News

CNN Anchor John Berman ’90 Reflects on Career in Journalism

COURTESY OF JACKIE ROSSI

Berman donated $50,000 in Jeopardy! winnings to his charity, “Friends of Karen.”


A stream of bullets pierced through a cloud of smoke overhead, barely missing John Berman ’90 as he crouched in a ditch attempting to report on the Iraq War. Stories of such experiences were shared at Berman’s visit to the Oliver Wendell Holmes Library on Friday, September 27, during which Berman also discussed his career as an anchor for the Cable News Network (CNN) and the political bias and truth in journalism.

Berman started as a war correspondent covering the Marines in Iraq during 2003 for the American Broadcasting Company (ABC). After working at ABC for 17 years, Berman joined CNN in 2012, where he is currently the co-anchor of New Day with Alisyn Camerota.

According to Berman, his experiences in Iraq and in journalism have given him insight into the notions of truth and communication. He realized that while journalism is ideally based on the truth alone, the array of explanations and deliverances of that truth has the potential to cause rifts between people of different views.

Additionally, Berman shared how the increase in fake news and accusations aimed at major news organizations, such as CNN, has only intensified the bias of journalism. Berman referred to how Watergate journalist Carl Bernstein described the goals of journalism and reporters: “the best obtainable version of the truth.”

“Our goal is the truth. When people aren’t speaking the truth, it is our job to say that; we’ve had to say it more now than any other person before. It’s hard. The more you say that a person is lying, lying, lying, lying, lying, people are going to say that you’re politically biased. I’m not really; I’m just truthfully biased. I’m biased against liars and if people aren’t going to tell the truth then I’m going to point it out,” said Berman.

“The more you try to calibrate left or right or this or that is when you start to get into trouble. I just try to do the reporting and to tell the story and to get at the truth in as little as I can worry about what they are going to say on each side,” continued Berman.

While different interpretations or even fabrications of truth can cause issues within communities, Berman believes that the variation in the approaches to journalism is essential for good reporting, as he observed firsthand during his time as a war reporter.

“In general I think there are two types of war reporters and I think both are good. There are those who actually get a rush and thrill from being next to danger, and they can be great reporters in certain times and in certain ways and I think there are people like me who are legitimately scared of it and I think that can make you see things in different ways too. Both are necessary to cover conflict,” said Berman.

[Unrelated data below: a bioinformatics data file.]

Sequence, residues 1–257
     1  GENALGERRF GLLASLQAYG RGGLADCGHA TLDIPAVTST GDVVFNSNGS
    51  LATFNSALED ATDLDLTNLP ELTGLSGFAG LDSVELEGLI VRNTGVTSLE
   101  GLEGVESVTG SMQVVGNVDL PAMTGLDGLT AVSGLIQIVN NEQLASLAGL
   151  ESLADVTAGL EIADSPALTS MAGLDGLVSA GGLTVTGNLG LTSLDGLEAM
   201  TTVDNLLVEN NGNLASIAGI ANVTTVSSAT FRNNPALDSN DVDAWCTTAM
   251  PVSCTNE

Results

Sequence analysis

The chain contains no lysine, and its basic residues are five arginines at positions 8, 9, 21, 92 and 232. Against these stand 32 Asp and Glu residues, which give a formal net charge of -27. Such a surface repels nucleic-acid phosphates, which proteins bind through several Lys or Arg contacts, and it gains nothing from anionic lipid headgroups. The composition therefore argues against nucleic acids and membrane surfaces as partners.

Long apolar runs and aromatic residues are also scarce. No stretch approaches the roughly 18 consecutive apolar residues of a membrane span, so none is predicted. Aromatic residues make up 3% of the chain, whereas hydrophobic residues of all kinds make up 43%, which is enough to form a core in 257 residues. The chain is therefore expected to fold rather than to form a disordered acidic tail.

This recognition that effective journalism can derive from a multitude of approaches stems from an appreciation of being able to share ideas, which Berman experienced while a student at Andover. Berman enjoyed courses in political science, history, and English and was part of the business staff of The Phillipian. He believes that Andover’s competitive environment taught him how to remain humble, a quality that still applies to his work.

“I was never the smartest or the greatest which isn’t a bad lesson. It’s a good lesson. I actually grew to enjoy it here because you could learn from other people and that’s one of the things I like about in my job now, which is that I get to ask people who know a ton questions that I really want the answers to. I think [Andover] could really teach you humility and a respect for knowledge that has been incredibly valuable to me,” said Berman.

Jackie Rossi ’20, a board member of The Corner Office, was central in organizing the talk. In addition to Berman’s insight into journalism and his recollections of his Andover experience, Rossi especially appreciated Berman’s visit in the way that it demonstrated the strength and action of the alumni network.

“For me personally I felt that this really put into perspective how far reaching the alumni network is… I think it was really impactful for me because I realized then that our alumni network is made up of so many of these prominent people who are truly making a difference in the world and how we have such easy access to them,” said Rossi.

Berman’s role as a foreign correspondent and an advocate of truth has allowed him to impact his audiences. He ultimately concluded his talk by emphasizing the importance of accountability, and that without it, ethics and truth may be misconstrued. In general, he welcomes and accepts criticism since it allows him to reflect on his own actions and words.

“I know I did a good job on the show if I’m criticized by people both on the left and the right; it happens a lot. I find it instructive and I don’t think they’re right; I think a lot of the criticism is wrong. However, once in a while someone says something that makes me think, ‘Oh. Maybe the way I said that could be said some way else. Maybe it wasn’t totally fair to do it that way,'” said Berman.